One of the major trends right now in retirement plans is the use of automatic plan design features to encourage plan participation and retirement participation. We have seen a steady increase in adoption of automatic plan design features, at large, in the past few years; however, tax exempt organizations seem to have a different attitude towards the implementation of these strategies. Compared to the general retirement plan population, tax exempt organizations seem to be a bit more split when it comes to measures that would force their employees into retirement contributions. A look at the chart below tells us that, in summation, only 27 percent of tax exempt plan sponsors currently include some type of automatic plan design feature.¹ Plan sponsors of tax exempt organizations generally view retirement plans as another component of their employee benefits offering; putting the decision-making control in the hands of their employees. In addition, tax exempt organizations tend to be more wary of fiduciary liability; so they prefer to be more hands off.
Tax exempt plan sponsors attitude towards automatic features to encourage retirement plan contributions¹
Retirement Outcome Checklist
Entice participants to stay – Research shows us that the implementation of a company match can actually triple the odds of plan participation.² Because of budget constraints and the rise in healthcare costs, plan sponsors may be hesitant to implement a matching contribution to encourage plan participation.
Make investment selection easy – Make investment decisions easy on participants. Investment decisions can be overwhelming as most participants have little to no investment experience. Be careful not to over inundate them with a large menu of investment options. Instead, offer a limited menu of individual investment options that cover the main asset classes. In addition, offer an off-the-shelf target-date fund to provide participants with a pre-allocated mix of investments based on their anticipated retirement year. Lastly, take it a step further and offer a managed account option in the plan. This provides the greatest degree of direction for participants and allows an experienced third party investment manager to create and manage a pool of investments that most closely aligns with the participant’s risk tolerance, expected year of retirement and personal preferences.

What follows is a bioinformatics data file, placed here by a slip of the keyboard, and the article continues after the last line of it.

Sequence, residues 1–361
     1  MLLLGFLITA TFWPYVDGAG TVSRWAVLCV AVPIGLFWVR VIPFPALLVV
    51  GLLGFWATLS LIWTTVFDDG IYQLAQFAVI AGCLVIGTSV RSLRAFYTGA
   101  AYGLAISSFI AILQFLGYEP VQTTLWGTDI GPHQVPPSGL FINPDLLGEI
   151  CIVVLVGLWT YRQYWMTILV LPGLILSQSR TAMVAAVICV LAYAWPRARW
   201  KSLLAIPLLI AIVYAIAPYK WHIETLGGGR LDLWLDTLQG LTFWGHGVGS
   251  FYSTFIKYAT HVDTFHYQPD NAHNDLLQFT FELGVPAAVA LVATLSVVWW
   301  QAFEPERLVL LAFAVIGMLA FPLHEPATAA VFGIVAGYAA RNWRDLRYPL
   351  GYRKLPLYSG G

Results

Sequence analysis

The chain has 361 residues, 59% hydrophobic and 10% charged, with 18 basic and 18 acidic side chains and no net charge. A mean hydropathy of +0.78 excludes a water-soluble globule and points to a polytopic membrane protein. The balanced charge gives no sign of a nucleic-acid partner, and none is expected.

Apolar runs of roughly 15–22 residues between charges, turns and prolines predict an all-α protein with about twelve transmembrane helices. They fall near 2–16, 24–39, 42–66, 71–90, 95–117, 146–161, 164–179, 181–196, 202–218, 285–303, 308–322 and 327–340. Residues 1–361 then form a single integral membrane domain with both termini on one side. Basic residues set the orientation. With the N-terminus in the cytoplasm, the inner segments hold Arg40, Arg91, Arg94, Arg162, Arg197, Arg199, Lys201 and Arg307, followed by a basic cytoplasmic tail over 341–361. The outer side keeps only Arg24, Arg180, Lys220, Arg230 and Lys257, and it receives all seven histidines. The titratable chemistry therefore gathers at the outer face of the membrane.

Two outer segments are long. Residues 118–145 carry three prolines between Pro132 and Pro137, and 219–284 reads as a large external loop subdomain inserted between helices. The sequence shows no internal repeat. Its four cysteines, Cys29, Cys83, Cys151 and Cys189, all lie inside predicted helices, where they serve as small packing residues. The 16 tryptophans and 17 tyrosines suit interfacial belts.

Implement financial wellness programming – Twenty-three percent of retirement plans say they offer a financial wellness program.¹ Employees in some tax exempt markets are paid less than their for-profit peers, making them susceptible to financial struggles – including student loans and various debt. Offering a financial wellness program can help provide a structured plan to help participants rid themselves of debt. This could lead to higher plan participation and contributions. After all, people who are not in a good financial situation view retirement planning close to last on their list of financial obligations.
Document the plan strategy – Implement an investment policy statement and investment committee charter. This helps to put all of these plan tactics in action and holds the organization and plan fiduciaries responsible for making sure the plan is in good order.
While most of these tactics are beneficial to all organizations, tax exempt organizations are unique in that they are still lagging behind traditional 401(k) plans in the implementation of strategies to encourage retirement preparation.
For more information on tax exempt plan strategies, please contact your plan consultant.
- Not-for-Profits Recognize Responsibility in Encouraging Positive Savings Behaviors, PSCA, 12/17/14
- The Plan Participation Puzzle: Comparison of Not-for-Profit Employees and For-Profit Employees, LIMRA, December 2010.4
This is a condensed article written by OneAmerica.